Faculty of Philosophy, University of Montenegro, Montenegro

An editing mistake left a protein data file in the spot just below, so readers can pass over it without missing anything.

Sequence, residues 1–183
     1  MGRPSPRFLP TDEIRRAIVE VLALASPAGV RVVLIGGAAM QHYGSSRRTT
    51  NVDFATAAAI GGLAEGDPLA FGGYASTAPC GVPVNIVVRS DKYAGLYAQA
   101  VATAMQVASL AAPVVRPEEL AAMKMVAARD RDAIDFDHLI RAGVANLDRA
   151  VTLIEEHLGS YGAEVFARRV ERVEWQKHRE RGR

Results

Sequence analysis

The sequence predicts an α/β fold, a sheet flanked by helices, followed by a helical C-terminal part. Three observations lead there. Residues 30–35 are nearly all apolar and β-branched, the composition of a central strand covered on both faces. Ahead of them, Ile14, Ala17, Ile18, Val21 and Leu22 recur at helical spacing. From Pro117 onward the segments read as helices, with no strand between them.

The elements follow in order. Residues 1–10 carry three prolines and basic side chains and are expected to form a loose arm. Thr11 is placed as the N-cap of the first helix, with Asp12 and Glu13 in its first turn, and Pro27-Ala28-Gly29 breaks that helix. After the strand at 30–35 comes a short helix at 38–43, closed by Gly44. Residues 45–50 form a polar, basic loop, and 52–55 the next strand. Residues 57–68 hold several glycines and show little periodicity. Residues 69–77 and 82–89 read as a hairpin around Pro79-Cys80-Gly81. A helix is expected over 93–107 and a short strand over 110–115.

The paper examines the complex process of transition from a non-democratic communist regime to a democratic regime, and the consolidation of the government system in Poland. The specificity of the democratic transition in Poland, in relation to other transitions in Central and Eastern Europe, as it will be argued is reflected in the nature of the non-democratic regime, which was more authoritarian than (post)totalitarian. Hence, while the communist regime was in force in Poland (1945-1989), social pluralism managed to be preserved to the highest possible extent. Preserved social and political pluralism played a pivotal role in the successful transition process. Following Mikhail Gorbachev's ascent to power in the Soviet Union in 1985, the military-party regime in Poland opted for a negotiation-based approach known as the Round Table talks. This compromise marked the conclusion of the negotiations and led to the introduction of semi-free elections and a controlled democratic transition in Poland. The momentum of the process gained traction when the popular Solidarity movement emerged victorious over the ruling communist group during the semi-free elections of 1989. The provisions of the Agreement were upheld by both parties, ultimately making Poland the first country, since the Second World War, to initiate a peaceful overthrow through regular elections. Significantly, the Round Table Agreement introduced the concept of a robust president elected directly by the people, an observation affirmed and advocated in this study. It was Solidarity leader Lech Wałęsa who first assumed this influential position, marking a historic milestone in Poland's political landscape. The agreement's establishment of a directly elected strong president enhances the analytical structure and aligns with the study's conclusions.